EVERYONE’S A CRITIC (April 28, 2011)

I live in a suburban community east of New York City, and my second-story window faces west-north-west.  So while I sit at this computer, early in the evening, the most beautiful sunsets appear and change, minute by minute.

Although some natural wonders don’t stir me, the colors of the sky never fail me — and often I scramble to find my camera.  (All the photographs in this blogpost are mine.)  As the sky this evening shaded from blue to azure to orange to pink, depending on where I looked, I wanted to record what I was seeing — to marvel at it in future.

Before I turned to the sunset, I saw this vista:

A moment later, I was standing on the sidewalk, astonished by the colors — the rapidly-changing show put on (apparently) for my benefit, and trying to photograph it with as few interfering wires as I could:

As I was trying to find the best vantage point, I noticed an older man, neatly dressed, crossing the street, looking to see what I was doing.

I made eye contact, gestured with my camera, and said happily, “One of the pleasures of living here is the beautiful sunsets, isn’t it?”

“Well, that’s pollution!” he said, drawing the syllables of the final word out.

“Dust particles, I thought,” I said.

“No, it’s pollution!” he said, emphatically.  “Once I took a philosophy course in the evening, many years ago, and the professor went to the window and said, ‘Isn’t that a beautiful sunset?’ and I said, ‘No, all that is is pollution!” and it deflated him!”  He laughed at the memory of his triumph.

He was making me unhappy, but I continued.  “Look, sir, we have done terrible things to this planet, and perhaps it is pollution, but isn’t it beautiful?”

“Yeah, it’s beautiful, but so is freezing to death,” he said.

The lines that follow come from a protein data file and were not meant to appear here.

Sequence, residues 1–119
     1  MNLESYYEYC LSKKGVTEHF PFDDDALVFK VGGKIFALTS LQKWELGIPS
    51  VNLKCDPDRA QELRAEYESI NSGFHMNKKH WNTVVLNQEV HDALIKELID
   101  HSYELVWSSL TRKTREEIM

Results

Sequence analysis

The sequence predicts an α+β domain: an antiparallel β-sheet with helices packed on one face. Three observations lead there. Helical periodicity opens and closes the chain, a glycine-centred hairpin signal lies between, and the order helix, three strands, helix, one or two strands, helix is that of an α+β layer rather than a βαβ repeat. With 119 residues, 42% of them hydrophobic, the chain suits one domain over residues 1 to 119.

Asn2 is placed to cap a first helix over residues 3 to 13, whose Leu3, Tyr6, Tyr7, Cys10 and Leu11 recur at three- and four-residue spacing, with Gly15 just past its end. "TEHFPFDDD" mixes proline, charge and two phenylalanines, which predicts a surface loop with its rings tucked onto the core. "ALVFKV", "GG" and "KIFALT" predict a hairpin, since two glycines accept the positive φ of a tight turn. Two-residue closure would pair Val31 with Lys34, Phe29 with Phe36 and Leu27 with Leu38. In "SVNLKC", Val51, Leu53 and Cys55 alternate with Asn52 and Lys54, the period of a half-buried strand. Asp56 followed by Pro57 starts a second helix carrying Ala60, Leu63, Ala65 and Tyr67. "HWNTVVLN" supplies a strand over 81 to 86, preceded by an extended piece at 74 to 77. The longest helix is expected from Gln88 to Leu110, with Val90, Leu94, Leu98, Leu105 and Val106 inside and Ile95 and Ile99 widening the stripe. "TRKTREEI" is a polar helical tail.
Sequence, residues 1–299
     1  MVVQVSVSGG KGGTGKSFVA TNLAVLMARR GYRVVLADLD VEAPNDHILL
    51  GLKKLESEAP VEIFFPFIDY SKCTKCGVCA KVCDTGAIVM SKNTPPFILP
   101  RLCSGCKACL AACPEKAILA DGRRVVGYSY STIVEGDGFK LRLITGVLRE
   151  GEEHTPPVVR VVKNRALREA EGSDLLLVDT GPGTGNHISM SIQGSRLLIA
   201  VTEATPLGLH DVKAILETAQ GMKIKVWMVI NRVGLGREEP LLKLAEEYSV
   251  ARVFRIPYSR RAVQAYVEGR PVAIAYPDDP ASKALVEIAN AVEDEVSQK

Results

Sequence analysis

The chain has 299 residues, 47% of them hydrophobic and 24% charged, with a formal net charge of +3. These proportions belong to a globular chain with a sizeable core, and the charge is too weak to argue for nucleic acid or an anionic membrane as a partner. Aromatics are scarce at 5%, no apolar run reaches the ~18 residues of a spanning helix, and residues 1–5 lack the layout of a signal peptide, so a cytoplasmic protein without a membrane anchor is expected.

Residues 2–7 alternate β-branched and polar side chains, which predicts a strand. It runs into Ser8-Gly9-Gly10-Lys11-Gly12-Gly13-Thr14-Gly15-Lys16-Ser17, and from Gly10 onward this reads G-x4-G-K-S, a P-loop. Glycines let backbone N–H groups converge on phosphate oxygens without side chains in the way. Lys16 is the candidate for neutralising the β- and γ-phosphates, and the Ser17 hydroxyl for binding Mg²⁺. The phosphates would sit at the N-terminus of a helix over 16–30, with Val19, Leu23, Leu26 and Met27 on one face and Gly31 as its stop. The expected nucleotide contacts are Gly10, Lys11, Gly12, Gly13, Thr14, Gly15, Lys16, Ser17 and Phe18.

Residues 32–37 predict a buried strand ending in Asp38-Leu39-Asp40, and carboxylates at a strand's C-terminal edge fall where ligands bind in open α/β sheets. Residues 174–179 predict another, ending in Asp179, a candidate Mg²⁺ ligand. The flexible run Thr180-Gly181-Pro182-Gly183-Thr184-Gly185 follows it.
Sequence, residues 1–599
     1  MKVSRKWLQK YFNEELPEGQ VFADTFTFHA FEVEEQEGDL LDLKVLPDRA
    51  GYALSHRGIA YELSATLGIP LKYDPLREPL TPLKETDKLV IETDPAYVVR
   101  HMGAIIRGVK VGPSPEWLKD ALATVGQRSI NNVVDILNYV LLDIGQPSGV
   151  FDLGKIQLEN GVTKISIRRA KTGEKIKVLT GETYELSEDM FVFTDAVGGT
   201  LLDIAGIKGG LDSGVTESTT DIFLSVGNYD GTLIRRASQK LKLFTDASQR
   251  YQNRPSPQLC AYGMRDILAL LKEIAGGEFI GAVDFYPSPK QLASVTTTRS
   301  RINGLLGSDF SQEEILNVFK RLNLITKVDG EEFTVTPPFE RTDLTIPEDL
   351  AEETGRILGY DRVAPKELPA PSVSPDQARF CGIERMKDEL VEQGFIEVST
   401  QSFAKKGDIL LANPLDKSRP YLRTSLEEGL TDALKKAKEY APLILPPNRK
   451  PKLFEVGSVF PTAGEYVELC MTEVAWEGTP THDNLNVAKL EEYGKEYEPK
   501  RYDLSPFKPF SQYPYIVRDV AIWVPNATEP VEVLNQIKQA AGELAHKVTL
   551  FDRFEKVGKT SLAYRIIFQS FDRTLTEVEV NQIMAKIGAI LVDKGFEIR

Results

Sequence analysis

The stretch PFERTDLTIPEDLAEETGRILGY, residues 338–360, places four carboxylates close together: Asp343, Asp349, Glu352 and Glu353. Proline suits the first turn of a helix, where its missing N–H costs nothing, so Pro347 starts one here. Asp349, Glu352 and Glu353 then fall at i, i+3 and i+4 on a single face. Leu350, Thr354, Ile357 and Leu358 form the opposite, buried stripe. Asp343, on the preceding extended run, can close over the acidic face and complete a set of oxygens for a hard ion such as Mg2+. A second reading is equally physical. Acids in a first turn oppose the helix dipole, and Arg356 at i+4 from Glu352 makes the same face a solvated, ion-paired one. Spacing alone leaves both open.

Ex-cuse me?” I must have stammered.

“Yeah, they say when you freeze to death, it’s really peaceful and serene.”

I had had enough.  “Sir, I can’t talk to you any more.  You are too dark for me.”

“Dark?” he said, incredulously.  “I’m just talking reality!”

By then it was dark.  I went back to my apartment, thinking that I had let this man’s corrosive words devour beauty.  I am glad I got the photographs I have here, and a disheartening story to tell JAZZ LIVES readers — who are free to make of it what they may (although telling me not to talk to strangers is not the reaction I seek) . . . but that sunset is gone forever, even though there might be another one, just as lovely tomorrow.

This story is true.  I wish it weren’t.

6 responses to “EVERYONE’S A CRITIC (April 28, 2011)

  1. Ah. The guy probably likes Muzak and Lite beer

  2. The pictures are beautiful…As for the “gloom and doom” guy, it
    must be raining in his world all the time,,,no sunshine or sunsets…I prefer to ignore his remarks and enjoy your gorgeous pictures. Thanks for sharing a bit of the beauty there with your fans,

  3. Roger Strong

    He certainly wasn’t a jazz fan! Trumpeter Humphrey Lyttelton once said that good jazz made him want to shout out loud at the sheer joy of it. Perhaps your photos of the sunset don’t do the actual event justice but down here in New Zealand where there is much less pollution we have some stunning sunsets.
    Enjoyed that-thanks for sharing it with us.

  4. Beauty is sometimes blocked by common perception. I wish this weren’t so, but living where you live, pollution is almost always considered in air quality and the effects of the sun in our atmosphere, as sunrises and sunsets are only refractions of light in and around the molecules in the atmosphere.

  5. Sounds like you may have had an encounter of the third kind with “The Old Codger”!

  6. I don’t go for the doom and gloom either. I love your pictures and your way with words. I also love sunsets and find ‘peace of mind’ as as stand there just looking . I’ve been lucky enough to see some of the most fantastic sunsets, and also sun rises, in tropical countries.

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